1. Consultants will be Trusted Advisors, in significant part, because they have mastered the digital literacies that aggregate information.
Technologies are emerging at email speed, creating a challenge to keep up in any field, and changing expectations about the role of a Change Manager. The world is in flux, re-defining digital literacies. For example, though the network of contacts I have established, I discovered a beta version of a new aggregator, the Darwin Awareness Engine. “Darwin Awareness Engine™ helps users track Web and Enterprise 2.0 events, uncover emerging trends and gain faster understanding of complex issues over time. Addresses the core problem of information overload.”
A Change Manager is expected to bring fresh strategies and tools on stakeholder involvement or communications tied to emerging technologies and social media specifically to manage information overload. The Change Manager of 2015 knows the role and impact and changes brought by Connectivism, the power or relationships within and outside of an organization, and how it adds value to the business. (More on this aspect in a separate blog!)
2. The role of the Trusted Advisor is significantly impacted by digital literacies by 2015.
Trust is built in business as it is in marriage- one step at a time, delivering when promised on time and in full, and honoring commitments 110% of the time. Marriage can break apart because trust is destroyed over time or because of one single incident. And the consultant who breaks trust will go clientless for very long periods of time as word spreads. In government what we called the “corridor reputation” is real in government, business and family. In 2011 it is viral—rapidly developing information universally available, faster than we can comprehend, and permanent as a digital footprint on the moon.
3. Time management will be re-defined to manage the continued explosion of information. The individual will be expected to be personally skilled in information aggregators. A paradigm shift in mindset will be in motion, from the organizational level to the individual level. You are responsible for your own development. You must be proactive in your formal and informal learning on the job. Because of the sheer volume of information, individuals will need to know how to quickly access and use. It is no longer grandpa’s needle in a hay stack!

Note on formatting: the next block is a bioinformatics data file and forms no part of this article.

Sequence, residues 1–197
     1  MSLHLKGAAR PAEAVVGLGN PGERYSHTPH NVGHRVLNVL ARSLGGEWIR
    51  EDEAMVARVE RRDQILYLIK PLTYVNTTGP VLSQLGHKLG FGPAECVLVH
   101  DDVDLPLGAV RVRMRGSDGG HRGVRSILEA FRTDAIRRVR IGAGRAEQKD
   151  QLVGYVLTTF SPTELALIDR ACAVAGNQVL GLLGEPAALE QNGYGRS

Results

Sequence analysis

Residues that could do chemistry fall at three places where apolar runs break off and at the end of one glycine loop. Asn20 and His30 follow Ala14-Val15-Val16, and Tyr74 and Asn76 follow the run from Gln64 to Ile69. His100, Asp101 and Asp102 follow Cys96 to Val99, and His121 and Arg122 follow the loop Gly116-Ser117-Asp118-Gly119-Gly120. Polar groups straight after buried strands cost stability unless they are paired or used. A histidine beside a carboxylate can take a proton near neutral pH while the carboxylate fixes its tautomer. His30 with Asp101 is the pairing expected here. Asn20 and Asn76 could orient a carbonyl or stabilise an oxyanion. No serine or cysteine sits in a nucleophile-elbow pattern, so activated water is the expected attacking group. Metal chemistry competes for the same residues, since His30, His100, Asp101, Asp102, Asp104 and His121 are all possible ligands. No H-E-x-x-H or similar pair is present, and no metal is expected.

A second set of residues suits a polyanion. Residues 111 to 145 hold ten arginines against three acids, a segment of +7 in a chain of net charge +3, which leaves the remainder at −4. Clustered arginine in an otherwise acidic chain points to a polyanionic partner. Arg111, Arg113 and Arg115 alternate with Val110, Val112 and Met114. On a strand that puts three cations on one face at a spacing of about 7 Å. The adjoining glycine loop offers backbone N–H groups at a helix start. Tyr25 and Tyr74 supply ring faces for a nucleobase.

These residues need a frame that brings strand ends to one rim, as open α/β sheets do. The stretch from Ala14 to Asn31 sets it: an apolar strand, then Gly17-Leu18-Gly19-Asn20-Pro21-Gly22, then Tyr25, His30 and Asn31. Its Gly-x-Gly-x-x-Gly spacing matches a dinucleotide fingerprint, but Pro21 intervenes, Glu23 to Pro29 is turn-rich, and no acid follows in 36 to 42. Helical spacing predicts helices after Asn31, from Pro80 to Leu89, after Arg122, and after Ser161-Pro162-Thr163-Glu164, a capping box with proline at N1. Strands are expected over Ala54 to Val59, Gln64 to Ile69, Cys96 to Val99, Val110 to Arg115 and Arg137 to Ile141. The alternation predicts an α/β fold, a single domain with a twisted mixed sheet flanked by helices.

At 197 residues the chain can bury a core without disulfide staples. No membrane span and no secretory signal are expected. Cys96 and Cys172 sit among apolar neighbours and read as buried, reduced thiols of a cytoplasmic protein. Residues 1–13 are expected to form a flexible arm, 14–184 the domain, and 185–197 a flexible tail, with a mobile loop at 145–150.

4. DIY (Do it Yourself) will become standard as the tools of managing change communications become more and more intuitive. Individuals will manage change through iPhone or other smart phone apps, on demand video from corporate channels.
We will wave our smart phone on a poster and a QR code will deliver information right to us.
Reading a QR code with a camera-enabled smartphone will link the user to digital content on the Internet or activates a number of phone functions including email, IM and SMS, or connects the mobile device to a web browser.
5. Learning occurs mainly through interactions and interactions between people, and “between people’ will be across business functions, organizations and even corporations. This view of social construction of knowledge will drive change and communication strategies, activities and tools. Customer Communities of Practice will be key to innovation and new products, service development. Change Managers and the enabling specialists in communication and learning will be required to have mastery of virtual tools, from webinars to Second Life. This in turn will impact university and trade schools as competencies shift from writing a business memo (Yes! They still teach that 1990s skill in higher ed!!) to video email and graphics.
MOOCs (Massive Online Open Courses) will be common, as 1000’s simultaneously join in to share information, ideas and best practices. And a common standard process and tools will be fully developed to meet the